5. BCAA Slushy
A slushy is a classic childhood treat. But as adults we may tend to avoid these high-sugar concoctions laden with questionable food dyes. Here’s a better, no-added-sugar version that contains branched chain amino acids (BCAAs), which can help decrease muscle soreness and stimulate muscle growth. Watch out for brain freeze!
6. Strawberry-Banana “Ice Cream”
Ice cream is a great late-night treat, but with half a cup packing almost 200 calories, this treat becomes off-limits fast. A great alternative to traditional ice cream is to make it with frozen bananas. Mashed frozen bananas provide an ice-cream-like consistency without the added sugars, fat and calories. Here’s the simple recipe: Slice up two very ripe bananas and one cup of strawberries. Place them in the freezer until frozen. Once frozen, blend the strawberries and bananas in a food processor on high until an ice-cream consistency is achieved. Voila, vegan ice cream! If you’re serious about your banana ice cream, you might want to check out the Yonanas machine, a kitchen appliance designed for making banana ice cream.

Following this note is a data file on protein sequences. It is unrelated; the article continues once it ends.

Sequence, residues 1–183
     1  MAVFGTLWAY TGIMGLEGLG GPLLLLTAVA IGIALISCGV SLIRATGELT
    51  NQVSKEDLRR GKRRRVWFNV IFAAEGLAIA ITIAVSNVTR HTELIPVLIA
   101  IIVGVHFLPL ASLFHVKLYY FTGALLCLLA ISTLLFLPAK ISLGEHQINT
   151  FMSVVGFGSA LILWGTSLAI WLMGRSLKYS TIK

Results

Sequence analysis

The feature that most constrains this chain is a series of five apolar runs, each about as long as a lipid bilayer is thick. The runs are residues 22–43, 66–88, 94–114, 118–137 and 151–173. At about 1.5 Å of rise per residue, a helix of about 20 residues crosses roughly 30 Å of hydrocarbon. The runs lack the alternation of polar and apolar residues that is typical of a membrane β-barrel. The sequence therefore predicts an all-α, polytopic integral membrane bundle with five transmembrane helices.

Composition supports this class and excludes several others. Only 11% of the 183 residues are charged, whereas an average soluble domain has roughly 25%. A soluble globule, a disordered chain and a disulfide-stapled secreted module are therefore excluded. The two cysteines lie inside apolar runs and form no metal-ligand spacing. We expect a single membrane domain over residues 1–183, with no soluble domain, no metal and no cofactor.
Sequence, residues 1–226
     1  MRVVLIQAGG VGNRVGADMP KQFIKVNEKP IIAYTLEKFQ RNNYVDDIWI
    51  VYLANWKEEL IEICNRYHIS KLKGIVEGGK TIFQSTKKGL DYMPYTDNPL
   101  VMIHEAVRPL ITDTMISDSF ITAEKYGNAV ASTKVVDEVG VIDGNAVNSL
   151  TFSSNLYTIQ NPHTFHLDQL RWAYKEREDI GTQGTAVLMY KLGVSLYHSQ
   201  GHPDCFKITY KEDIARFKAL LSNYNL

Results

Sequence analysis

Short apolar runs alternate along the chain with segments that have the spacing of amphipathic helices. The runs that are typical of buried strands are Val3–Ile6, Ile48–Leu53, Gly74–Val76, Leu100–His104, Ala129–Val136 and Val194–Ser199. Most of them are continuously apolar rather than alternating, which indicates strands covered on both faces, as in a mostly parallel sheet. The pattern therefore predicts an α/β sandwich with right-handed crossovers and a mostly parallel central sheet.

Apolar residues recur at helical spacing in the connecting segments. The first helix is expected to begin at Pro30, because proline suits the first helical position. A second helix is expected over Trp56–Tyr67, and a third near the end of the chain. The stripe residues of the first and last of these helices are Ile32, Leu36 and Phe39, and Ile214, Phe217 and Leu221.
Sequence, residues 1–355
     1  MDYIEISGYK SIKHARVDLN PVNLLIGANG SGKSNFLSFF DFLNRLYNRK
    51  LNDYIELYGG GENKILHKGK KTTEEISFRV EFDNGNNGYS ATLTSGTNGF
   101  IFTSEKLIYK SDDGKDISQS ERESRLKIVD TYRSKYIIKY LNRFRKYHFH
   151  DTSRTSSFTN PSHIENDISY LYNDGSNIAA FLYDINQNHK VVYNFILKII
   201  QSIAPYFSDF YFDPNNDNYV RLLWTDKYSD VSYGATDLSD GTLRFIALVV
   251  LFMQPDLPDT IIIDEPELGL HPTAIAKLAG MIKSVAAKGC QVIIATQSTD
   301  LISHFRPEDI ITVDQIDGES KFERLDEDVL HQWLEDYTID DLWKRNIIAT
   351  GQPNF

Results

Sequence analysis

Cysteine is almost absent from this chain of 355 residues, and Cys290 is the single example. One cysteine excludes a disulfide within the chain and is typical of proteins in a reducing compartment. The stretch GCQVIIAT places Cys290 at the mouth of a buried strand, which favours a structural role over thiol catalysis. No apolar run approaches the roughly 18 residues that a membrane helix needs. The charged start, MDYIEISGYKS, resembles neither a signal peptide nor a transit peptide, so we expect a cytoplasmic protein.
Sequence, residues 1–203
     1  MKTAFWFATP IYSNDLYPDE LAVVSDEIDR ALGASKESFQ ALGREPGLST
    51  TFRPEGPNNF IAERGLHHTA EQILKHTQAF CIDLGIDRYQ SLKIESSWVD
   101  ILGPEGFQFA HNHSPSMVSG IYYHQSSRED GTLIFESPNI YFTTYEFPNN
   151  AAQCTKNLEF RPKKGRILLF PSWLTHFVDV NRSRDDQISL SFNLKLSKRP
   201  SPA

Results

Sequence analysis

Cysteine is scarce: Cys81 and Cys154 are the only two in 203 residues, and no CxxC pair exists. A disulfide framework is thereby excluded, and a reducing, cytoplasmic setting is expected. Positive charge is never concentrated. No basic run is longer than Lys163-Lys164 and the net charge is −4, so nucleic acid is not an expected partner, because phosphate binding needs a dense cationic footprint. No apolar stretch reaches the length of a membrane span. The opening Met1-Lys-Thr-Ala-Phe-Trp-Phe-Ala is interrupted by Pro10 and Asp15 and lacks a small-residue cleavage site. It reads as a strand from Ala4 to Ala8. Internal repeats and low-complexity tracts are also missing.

Pistachios in the shell are an excellent nighttime snack because the shelling process requires some work, consequently slowing down how fast you can eat them. The slower you eat, the less you will consume. Another bonus with pistachios is that you get to eat more nuts per ounce (49 nuts) than any other nut. The combination of getting to eat more and having to eat them slower makes pistachios one of the best options. In addition, nuts come with a unique nutritional package because they contain fiber, biotin, vitamin B6, thiamin, folate, unsaturated fats and plant sterols, all of which makes them highly nutritious as well as satisfying. If you are looking for something more, you can pair pistachios with goat cheese or a fruit like raspberries.
8. Not Your Average Milkshake
With the right kind of protein, you can make thick and creamy milkshakes without excessive calories and fat. The key is to add casein protein powder or a milk protein powder blend (which will contain whey and casein). The biochemical properties of casein cause it to act as a thickener. Casein has been shown to have anti-catabolic properties, helping prevent excessive muscle breakdown after an intense workout. This nutrient-powered milkshake packs about 40 grams of protein and one-third of the recommended daily amount of calcium.
9. Chocolate Peanut Butter Cottage Cheese